7.5 Hogan Lovells’ statement was indeed an apology. This is evident through the use of the words “deeply regret” in the statement.

Alleged breaches of the Press Code

  1. The factual inaccuracy through reference to “Moyane” rather than “Elksie” is a contravention of clause 1.1. of the Press Code requiring accuracy. This error was regrettably still contained in the online article as at date of writing of this ruling. I would have expected the publication to correct the obvious, and presumably bona fide error, by now. A finding of a breach of clause 1.1. is therefore appropriate.
  1. Modise specifically invokes clause 1.8. of the Press Code that reads:

“The media shall seek, if practicable, the views of the subject of critical reportage in advance of publication, except when they might be prevented from reporting, or evidence destroyed, or sources intimidated. Such a subject should be afforded reasonable time to respond; if unable to obtain comment, this shall be stated;”

  1. The complaint is pertinently aimed at the headline of the article. Clause 10 of the Code prescribes:

“Headlines…shall not mislead the public and shall give a reasonable reflection of the contents of the report or picture in question.”

  1. Clause 3.3. requires the media to exercise care and consideration in matters involving dignity and reputation. An individual’s right to reputation may be overridden if it is in the public interest and one of the other grounds of consideration are present. Those grounds are: Reportage based on facts that are true or substantially true, protected commentary, accurate and fair reportage of privileged proceedings, or if it was reasonable to do so based on acceptable principles of journalistic conduct.

Sorry, we’re not sorry?

  1. At the heart of the complaint is the true nature of the Hogan Lovells statement. Daily Maverick says a consideration of the meaning of the word “apology” falls outside of the ambit of the complaint. But words have meaning and it matters greatly within this context.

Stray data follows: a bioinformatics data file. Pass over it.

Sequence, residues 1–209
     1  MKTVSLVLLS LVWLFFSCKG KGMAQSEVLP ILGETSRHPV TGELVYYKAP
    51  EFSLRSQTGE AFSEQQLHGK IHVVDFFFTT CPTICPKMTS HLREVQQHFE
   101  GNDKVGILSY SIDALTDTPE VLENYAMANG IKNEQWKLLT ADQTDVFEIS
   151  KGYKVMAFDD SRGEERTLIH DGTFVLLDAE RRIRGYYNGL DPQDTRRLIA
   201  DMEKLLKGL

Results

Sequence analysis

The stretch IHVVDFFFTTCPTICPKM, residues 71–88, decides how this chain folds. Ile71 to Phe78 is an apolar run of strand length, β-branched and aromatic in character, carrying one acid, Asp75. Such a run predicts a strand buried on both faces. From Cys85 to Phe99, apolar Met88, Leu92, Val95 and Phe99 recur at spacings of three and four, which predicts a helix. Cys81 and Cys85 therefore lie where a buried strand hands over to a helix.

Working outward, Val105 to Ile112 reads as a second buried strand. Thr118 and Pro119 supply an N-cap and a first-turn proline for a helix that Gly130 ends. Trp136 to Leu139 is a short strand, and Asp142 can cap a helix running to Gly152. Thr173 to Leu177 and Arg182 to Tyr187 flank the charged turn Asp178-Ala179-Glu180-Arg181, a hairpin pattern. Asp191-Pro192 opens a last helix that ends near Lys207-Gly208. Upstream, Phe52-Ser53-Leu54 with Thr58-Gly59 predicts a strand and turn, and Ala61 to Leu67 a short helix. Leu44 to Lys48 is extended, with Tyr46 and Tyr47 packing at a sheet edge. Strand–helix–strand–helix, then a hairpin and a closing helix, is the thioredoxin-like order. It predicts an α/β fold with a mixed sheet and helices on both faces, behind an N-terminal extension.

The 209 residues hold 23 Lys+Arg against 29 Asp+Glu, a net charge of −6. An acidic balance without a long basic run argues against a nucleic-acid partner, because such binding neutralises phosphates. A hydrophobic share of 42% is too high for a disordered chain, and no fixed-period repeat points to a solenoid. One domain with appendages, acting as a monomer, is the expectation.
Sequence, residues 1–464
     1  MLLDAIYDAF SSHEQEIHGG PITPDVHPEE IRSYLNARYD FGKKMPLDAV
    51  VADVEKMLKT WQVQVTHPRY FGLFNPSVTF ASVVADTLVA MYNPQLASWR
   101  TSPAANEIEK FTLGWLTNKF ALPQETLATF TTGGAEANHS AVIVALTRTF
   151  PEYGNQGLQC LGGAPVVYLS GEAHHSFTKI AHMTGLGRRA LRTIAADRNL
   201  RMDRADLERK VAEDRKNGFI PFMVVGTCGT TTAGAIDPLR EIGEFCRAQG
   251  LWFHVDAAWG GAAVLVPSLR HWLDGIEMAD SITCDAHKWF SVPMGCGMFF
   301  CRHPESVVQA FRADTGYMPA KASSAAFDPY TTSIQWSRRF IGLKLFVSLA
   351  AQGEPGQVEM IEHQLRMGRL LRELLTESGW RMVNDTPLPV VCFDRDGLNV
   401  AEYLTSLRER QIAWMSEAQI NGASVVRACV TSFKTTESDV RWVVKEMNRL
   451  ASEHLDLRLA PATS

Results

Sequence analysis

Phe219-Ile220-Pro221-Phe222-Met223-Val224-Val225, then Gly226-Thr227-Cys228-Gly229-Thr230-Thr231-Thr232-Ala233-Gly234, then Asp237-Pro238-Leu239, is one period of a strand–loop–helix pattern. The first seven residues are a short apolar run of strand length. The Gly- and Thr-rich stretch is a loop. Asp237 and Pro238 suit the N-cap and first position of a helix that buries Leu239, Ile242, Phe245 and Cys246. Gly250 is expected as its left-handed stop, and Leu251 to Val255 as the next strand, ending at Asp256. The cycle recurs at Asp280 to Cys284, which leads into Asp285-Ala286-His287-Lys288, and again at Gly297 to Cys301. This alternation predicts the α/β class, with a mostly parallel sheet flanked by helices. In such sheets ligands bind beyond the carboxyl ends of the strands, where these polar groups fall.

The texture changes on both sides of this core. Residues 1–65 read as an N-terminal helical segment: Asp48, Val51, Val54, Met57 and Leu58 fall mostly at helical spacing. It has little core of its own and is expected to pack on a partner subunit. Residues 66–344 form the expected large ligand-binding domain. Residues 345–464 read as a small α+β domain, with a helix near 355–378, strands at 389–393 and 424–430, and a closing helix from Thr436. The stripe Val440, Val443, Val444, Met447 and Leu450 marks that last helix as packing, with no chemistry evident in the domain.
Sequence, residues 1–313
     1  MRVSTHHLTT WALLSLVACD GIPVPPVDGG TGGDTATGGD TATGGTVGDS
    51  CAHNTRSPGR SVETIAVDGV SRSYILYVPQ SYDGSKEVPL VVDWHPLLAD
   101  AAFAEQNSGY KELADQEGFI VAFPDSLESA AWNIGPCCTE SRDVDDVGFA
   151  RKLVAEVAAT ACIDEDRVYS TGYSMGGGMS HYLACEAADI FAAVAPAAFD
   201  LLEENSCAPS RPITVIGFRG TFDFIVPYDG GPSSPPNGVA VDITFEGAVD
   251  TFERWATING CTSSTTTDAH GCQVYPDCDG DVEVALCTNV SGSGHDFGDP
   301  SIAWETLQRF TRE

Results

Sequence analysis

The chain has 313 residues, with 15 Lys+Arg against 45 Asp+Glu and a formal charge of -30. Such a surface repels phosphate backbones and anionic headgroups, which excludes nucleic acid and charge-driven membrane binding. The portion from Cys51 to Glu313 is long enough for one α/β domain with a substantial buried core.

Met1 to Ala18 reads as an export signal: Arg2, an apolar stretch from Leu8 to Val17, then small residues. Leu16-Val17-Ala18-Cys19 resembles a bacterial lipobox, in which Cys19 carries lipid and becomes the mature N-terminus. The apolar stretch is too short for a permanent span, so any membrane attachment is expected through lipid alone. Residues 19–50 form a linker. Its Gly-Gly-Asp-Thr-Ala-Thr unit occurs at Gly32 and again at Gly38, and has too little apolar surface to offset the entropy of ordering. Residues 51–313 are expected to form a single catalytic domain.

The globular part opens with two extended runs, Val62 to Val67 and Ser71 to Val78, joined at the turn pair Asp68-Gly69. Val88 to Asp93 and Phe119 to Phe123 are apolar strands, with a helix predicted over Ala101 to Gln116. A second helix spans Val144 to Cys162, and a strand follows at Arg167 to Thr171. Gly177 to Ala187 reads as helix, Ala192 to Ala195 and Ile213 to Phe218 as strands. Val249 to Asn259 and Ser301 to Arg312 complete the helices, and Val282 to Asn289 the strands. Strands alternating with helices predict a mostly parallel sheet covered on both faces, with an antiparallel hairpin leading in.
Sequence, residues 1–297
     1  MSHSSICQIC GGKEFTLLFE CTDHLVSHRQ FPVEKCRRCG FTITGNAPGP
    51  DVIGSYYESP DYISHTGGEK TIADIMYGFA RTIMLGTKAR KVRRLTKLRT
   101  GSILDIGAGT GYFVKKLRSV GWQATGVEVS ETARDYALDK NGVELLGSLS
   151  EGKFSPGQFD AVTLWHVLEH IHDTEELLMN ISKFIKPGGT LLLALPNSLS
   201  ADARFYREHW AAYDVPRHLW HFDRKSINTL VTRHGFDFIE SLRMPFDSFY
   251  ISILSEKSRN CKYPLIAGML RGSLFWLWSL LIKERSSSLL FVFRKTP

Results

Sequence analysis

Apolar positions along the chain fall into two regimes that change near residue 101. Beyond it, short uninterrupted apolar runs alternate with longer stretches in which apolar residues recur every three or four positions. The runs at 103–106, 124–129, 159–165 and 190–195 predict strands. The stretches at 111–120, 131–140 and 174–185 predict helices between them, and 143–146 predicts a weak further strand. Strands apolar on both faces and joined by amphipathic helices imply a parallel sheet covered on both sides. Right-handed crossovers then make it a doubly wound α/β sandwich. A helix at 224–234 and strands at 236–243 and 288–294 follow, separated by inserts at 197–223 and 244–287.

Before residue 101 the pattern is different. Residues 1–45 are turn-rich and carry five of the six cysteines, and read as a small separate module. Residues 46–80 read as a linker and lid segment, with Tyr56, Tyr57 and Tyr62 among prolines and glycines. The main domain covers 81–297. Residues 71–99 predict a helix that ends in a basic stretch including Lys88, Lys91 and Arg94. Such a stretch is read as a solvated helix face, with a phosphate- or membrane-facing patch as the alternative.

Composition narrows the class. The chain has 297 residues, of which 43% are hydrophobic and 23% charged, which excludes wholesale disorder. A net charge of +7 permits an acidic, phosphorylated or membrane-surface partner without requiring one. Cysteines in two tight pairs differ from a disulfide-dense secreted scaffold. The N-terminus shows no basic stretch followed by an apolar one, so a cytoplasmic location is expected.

1. I was provided with the Hogan Lovells statement and it is necessary to quote extensively from it. It is headlined, “We regret our work was associated with State Capture”. Notably absent from the statement is the word “apology”.
  1. Regret is hardly the same as an apology. Regret that one’s work “was associated” with State Capture is also hardly an acknowledgement that Hogan Lovells did anything wrong.
  1. This is even more evident if one considers the statement as a whole. I focus on those sentences that arguably get closest to something resembling an apology and omit those that are overly transparent public relations jargon:

15.1 “In 2017, Hogan Lovells found its name connected to State Capture as a result of work that former partners performed for SARS on an employment matter.”

15.2 “We deeply regret that our work was associated with State Capture.”

15.3 “We have changed our structure and our processes and given our experience, we are even more careful about the work we do for our clients and how our name may be used in that context.”

  1. The statement draws a distinction between the views of Lord Peter Hain, the firm’s critic, on the one hand, and Hogan Lovells on the other. Lord Hain is emphasised to “stand by his views”, with the implication that Hogan Lovells and Lord Hain’s still hold differing views.